An economic theory of blockchain foundations

16 Pages Posted: 10 May 2021

See all articles by Jason Potts

Jason Potts

RMIT University

Darcy W E Allen

RMIT University

Chris Berg

RMIT University

Sinclair Davidson

RMIT University

Trent MacDonald

RMIT University; RMIT Blockchain Innovation Hub; ARC Centre of Excellence for Automated Decision-Making and Society

Date Written: May 8, 2021

Abstract

Abstract. Blockchain (or crypto) foundations are nonprofit organizations that supply public goods to a crypto-economy. The standard theory of crypto foundations is that they are like governments with respect to a national or regional economy, i.e. raising a public treasury and allocating resources to blockchain specific capital works, education, R&D, etc., to benefit the community and develop the ecosystem. We propose an alternative theory of what foundations do, namely that the treasury they manage is a moat to raise the cost of exit or forking because the benefit of the fund is only available to those who stay with the chain. Furthermore, building and maintaining a large treasury is a costly signal that only a high quality chain could afford to do (Spence 1973). We review these two models of the economic function of a blockchain foundation - (1) as a private government supplying local public goods, and (2) as a moat to raise the opportunity costs of exit. We outline the empirical predictions each theory makes, and examine the implications for optimal foundation design. We conclude that foundations should be funded by a pre-mine of tokens, and work best when large, visible, transparent, rigorously managed, and with a low burn rate.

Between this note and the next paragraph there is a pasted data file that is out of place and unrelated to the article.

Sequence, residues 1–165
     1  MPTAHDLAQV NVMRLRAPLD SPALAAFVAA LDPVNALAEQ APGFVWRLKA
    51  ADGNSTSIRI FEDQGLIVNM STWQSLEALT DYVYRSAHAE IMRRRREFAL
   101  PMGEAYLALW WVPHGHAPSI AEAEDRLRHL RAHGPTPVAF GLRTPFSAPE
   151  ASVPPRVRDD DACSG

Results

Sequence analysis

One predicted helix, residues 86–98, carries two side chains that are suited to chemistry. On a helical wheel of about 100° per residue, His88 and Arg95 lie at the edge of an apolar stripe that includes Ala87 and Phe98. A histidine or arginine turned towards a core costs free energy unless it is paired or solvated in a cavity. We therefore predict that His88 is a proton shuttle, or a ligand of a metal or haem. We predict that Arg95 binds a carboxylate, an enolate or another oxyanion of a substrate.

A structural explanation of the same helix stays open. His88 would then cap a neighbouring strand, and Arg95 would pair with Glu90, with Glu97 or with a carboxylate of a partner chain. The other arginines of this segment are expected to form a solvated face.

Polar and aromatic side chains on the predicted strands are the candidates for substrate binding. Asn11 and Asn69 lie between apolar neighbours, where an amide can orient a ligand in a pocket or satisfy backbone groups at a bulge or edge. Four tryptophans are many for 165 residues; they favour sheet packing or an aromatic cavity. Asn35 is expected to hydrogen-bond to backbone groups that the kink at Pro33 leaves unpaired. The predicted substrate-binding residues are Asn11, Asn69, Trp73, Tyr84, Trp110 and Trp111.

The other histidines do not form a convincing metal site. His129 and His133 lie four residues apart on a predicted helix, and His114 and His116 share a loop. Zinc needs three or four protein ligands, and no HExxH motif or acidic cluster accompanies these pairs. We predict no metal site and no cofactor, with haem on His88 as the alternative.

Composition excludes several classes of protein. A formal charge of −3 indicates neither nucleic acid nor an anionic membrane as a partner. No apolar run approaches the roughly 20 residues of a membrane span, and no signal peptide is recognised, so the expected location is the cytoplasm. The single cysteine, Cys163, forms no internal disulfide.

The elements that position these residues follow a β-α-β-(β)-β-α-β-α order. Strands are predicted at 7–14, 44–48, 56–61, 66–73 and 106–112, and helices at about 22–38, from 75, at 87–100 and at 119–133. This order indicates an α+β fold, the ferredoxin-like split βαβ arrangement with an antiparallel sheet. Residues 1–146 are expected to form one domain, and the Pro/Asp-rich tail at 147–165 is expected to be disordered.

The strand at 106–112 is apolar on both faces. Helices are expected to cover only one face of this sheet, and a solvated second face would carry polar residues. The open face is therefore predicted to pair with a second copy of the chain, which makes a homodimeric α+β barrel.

Keywords: blockchain foundations, public goods, crypto economy, costly signalling

JEL Classification: D7, D8, H00, H4, P00

Suggested Citation

Potts, Jason and Allen, Darcy and Berg, Chris and Davidson, Sinclair and MacDonald, Trent, An economic theory of blockchain foundations (May 8, 2021). Available at SSRN: https://ssrn.com/abstract=3842281 or http://dx.doi.org/10.2139/ssrn.3842281

Jason Potts (Contact Author)

RMIT University ( email )

Darcy Allen

RMIT University ( email )

440 Elizabeth Street
Melbourne, 3000
Australia

Chris Berg

RMIT University ( email )

124 La Trobe Street
Melbourne, 3000
Australia

Sinclair Davidson

RMIT University ( email )

124 La Trobe Street
Melbourne, 3000
Australia

Trent MacDonald

RMIT University ( email )

124 La Trobe Street
Melbourne, VIC 3000
Australia

RMIT Blockchain Innovation Hub ( email )

106-108 Victoria Street
Carlton, VIC 3053
Australia

ARC Centre of Excellence for Automated Decision-Making and Society ( email )

106-108 Victoria Street
Carlton, VIC 3053
Australia

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